Regardless of its origins, as Kantarcioglu and others (ibid) have explained, there is something taking place on our blindside. That something remains unknown and can be harmful for public health and well-being. Indeed, global economies have been hit by the pandemic but weaker ones such as African economies which have already been described as fragile and vulnerable may be more weakened and will require increased investment and long-term initiatives to repair and promote their development programmes 26.

From theoretical social functionalism and psychological functionalist perspective33 COVID-19 has taught the world critical lessons ranging from economic, political, social (in terms of kinship, religion and education) to functional needs for adaptation, goal attainment, latency and integration. These are seen in measures offered by authorities as part solution to curb the spread of COVID-19. They argue that to contain the virus, social distancing should be maintained. Within functional parameters social distancing has the ability to exclude and isolate people who may be suspected of being infected by an alien disease like COVID-19. 15

Although Katz et al 15 are critical about social distancing measures, particularly quarantine and isolation, because it is not always supported by good evidence, and the fact that there may be barriers to their use, because lessons learned from its practice can be seen in both developing and developed contexts; I am not particularly sure about the thinking held 15regarding ‘guidance for social distancing lacking sufficient details about its implementation in every social context nor the factors considered by public health officials when making those decisions (p. 150). What I do agree with is that, social distancing is such a complex concept in terms of its application because of its political, ethical, moral and social challenges underpinned by experience and resources. 3, 5 Within these spaces, COVID-19 has demonstrated how narrow the gap between developed and developing countries are in terms of their innovativeness and readiness to fight global emergencies.

Method & Discussion

A review of how COVID-19 is portrayed on social media reveal interesting trends. In all 15 short video clips (between 2 – 3 minutes), textual content and reader’s comments were observed. These postings were either humorous or informational. The humour and textual messages were stigmatizing COVID-19 and suspected persons who might have the disease and not behaving in line with guidelines given by local and international health institutions i.e. guidance on: public sneezing,8 hand hygiene 29 and social distancing 9.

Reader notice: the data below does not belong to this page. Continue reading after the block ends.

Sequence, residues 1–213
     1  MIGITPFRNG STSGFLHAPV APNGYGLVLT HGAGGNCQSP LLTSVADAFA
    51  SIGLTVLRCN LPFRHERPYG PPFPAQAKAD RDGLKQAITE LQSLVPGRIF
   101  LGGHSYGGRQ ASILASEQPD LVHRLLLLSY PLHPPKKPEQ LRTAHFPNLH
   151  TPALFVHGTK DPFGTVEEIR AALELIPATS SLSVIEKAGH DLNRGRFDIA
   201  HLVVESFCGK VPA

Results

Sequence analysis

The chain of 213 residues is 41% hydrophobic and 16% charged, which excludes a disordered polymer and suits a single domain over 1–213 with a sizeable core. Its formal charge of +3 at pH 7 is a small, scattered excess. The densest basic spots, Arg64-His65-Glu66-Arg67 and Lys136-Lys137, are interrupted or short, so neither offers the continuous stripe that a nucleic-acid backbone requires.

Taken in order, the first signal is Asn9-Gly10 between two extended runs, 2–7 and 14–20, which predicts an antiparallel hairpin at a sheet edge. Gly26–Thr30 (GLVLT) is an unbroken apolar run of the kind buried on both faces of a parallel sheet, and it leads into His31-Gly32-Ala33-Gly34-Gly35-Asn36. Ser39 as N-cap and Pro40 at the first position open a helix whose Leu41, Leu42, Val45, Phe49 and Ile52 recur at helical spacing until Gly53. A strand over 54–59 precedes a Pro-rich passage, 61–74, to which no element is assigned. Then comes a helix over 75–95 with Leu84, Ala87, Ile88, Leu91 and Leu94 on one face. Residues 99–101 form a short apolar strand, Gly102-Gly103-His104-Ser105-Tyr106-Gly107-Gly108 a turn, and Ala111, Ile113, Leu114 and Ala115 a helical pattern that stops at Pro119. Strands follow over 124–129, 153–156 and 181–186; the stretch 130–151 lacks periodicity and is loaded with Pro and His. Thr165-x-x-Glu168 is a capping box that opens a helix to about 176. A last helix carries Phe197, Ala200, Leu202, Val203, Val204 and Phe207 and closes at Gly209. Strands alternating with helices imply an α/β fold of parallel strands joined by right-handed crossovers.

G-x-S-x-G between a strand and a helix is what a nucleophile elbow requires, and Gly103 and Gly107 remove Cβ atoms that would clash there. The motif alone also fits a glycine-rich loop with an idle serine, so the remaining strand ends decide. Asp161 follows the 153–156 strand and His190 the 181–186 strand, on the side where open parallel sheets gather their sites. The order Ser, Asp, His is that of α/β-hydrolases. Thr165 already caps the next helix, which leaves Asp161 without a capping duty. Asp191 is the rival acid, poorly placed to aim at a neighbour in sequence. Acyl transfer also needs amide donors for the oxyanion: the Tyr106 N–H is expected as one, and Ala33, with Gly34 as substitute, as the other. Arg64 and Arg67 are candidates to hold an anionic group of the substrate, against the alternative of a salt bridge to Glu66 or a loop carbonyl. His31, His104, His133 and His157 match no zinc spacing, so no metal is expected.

Two models helped to understand stigmatisation of people infected with COVID-19; these are behaviour model and Labelling theory which conceptualises stigma as a social construction 17, 18, 19 The way society or people construct their worldview of reality can be misleading or go against sociology of knowledge 28. This expression manifests in micro-interactions with stigmatised people who become social victims in everyday interaction and unintentionally or intentionally elevating the self which becomes a ubiquitous concern in social interactionism.32

The point being made by Vlasceanu and others reflects Di Maggio and Powell’s7 view which implies that sociological interactionism helps to provide an alternative view of self-regulation, formal codes of conduct or ethical codes in response to pressures that may be brought upon an environment to improve accountability or shape behaviour. How this plays out in sociological institutionalism where in some cases, social codes for example, are not intellectually defined, because of their flexible boundaries, resulting from culture, tradition, religion and one’s world-view is not properly understood. This has led to fluidity in interpretations which in itself shape people’s response to victims of Corona Virus or COVID-19.